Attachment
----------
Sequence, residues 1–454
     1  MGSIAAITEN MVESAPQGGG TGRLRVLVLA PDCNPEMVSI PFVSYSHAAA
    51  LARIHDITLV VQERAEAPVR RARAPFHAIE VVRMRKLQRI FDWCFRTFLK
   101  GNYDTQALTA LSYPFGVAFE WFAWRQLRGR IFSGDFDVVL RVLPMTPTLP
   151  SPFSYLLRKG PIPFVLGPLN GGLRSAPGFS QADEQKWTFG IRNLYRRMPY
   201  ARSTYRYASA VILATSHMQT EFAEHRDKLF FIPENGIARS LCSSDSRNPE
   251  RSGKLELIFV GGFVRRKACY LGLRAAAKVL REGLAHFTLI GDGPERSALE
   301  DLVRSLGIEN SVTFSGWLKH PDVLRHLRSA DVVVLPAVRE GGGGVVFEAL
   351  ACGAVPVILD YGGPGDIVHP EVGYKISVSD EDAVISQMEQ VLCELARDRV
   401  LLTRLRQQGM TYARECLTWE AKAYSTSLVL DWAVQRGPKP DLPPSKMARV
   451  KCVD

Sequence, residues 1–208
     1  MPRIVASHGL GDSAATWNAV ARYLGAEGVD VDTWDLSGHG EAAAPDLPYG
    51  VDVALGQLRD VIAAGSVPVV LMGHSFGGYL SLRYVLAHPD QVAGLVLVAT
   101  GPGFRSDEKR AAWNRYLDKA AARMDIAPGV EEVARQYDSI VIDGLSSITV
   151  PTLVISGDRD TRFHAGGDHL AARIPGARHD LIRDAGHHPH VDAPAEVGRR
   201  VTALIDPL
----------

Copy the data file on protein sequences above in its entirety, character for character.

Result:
Sequence, residues 1–454
     1  MGSIAAITEN MVESAPQGGG TGRLRVLVLA PDCNPEMVSI PFVSYSHAAA
    51  LARIHDITLV VQERAEAPVR RARAPFHAIE VVRMRKLQRI FDWCFRTFLK
   101  GNYDTQALTA LSYPFGVAFE WFAWRQLRGR IFSGDFDVVL RVLPMTPTLP
   151  SPFSYLLRKG PIPFVLGPLN GGLRSAPGFS QADEQKWTFG IRNLYRRMPY
   201  ARSTYRYASA VILATSHMQT EFAEHRDKLF FIPENGIARS LCSSDSRNPE
   251  RSGKLELIFV GGFVRRKACY LGLRAAAKVL REGLAHFTLI GDGPERSALE
   301  DLVRSLGIEN SVTFSGWLKH PDVLRHLRSA DVVVLPAVRE GGGGVVFEAL
   351  ACGAVPVILD YGGPGDIVHP EVGYKISVSD EDAVISQMEQ VLCELARDRV
   401  LLTRLRQQGM TYARECLTWE AKAYSTSLVL DWAVQRGPKP DLPPSKMARV
   451  KCVD

Sequence, residues 1–208
     1  MPRIVASHGL GDSAATWNAV ARYLGAEGVD VDTWDLSGHG EAAAPDLPYG
    51  VDVALGQLRD VIAAGSVPVV LMGHSFGGYL SLRYVLAHPD QVAGLVLVAT
   101  GPGFRSDEKR AAWNRYLDKA AARMDIAPGV EEVARQYDSI VIDGLSSITV
   151  PTLVISGDRD TRFHAGGDHL AARIPGARHD LIRDAGHHPH VDAPAEVGRR
   201  VTALIDPL